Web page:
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Byzantine music (Modern Greek: Βυζαντινή μουσική) in a narrow sense is the music of the Medieval Roman Empire. Originally it consisted of songs and hymns composed to Greek texts used for courtly ceremonials, during festivals, or as paraliturgical and liturgical music. The ecclesiastical forms of Byzantine music are the best known forms today, because different Orthodox traditions still identify with the heritage of Byzantine music, when their cantors sing monodic chant out of the traditional chant books like sticherarion which in fact consisted of five books, and the heirmologion. Byzantine music is not only the music of the Byzantine empire, because it did not dissappear after the fall of Constantinople. It was continued under the Patriarchate which became the part of the Ottoman administration responsible for Orthodox Christians. During the 19th century, when the empire was splitted into different nations, the new existence of certain Balkan countries was usually established by the declaration of autokephalia against the Ecumenical Patriarchate. The new self-declared patriarchates made up an independent country which was basically defined as a nation by its religion, but the continuity between the Orthodox chant of the Ottoman empire and the one of Bulgaria or Greece, for example, was based on a historical view which traced its roots back to the Byzantine empire, while the Ottoman past was usually regarded as "post-Byzantine". This explains, why Byzantine music means several Orthodox chant traditions of the Mediterranean and the Caucasus until today and not only a limited period of a certain music culture of the Byzantine past.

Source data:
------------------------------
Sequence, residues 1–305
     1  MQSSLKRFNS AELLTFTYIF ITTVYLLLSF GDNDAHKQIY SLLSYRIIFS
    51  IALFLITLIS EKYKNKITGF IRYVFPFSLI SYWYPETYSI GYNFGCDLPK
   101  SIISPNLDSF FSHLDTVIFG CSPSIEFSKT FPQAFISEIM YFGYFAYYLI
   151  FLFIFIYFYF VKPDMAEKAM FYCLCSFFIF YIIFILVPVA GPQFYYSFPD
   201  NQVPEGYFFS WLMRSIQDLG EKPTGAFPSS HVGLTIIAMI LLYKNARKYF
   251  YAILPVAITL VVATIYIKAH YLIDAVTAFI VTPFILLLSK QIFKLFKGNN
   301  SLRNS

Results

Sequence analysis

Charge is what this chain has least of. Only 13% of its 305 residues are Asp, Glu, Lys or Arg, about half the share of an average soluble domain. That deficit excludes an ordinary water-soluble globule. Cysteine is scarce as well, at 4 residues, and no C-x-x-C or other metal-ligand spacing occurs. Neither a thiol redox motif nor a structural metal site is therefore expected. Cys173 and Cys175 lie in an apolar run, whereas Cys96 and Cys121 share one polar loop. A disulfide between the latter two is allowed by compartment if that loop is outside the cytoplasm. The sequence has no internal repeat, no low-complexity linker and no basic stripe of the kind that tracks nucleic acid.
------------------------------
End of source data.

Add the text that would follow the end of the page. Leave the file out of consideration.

The Holy Bible (King James Version)
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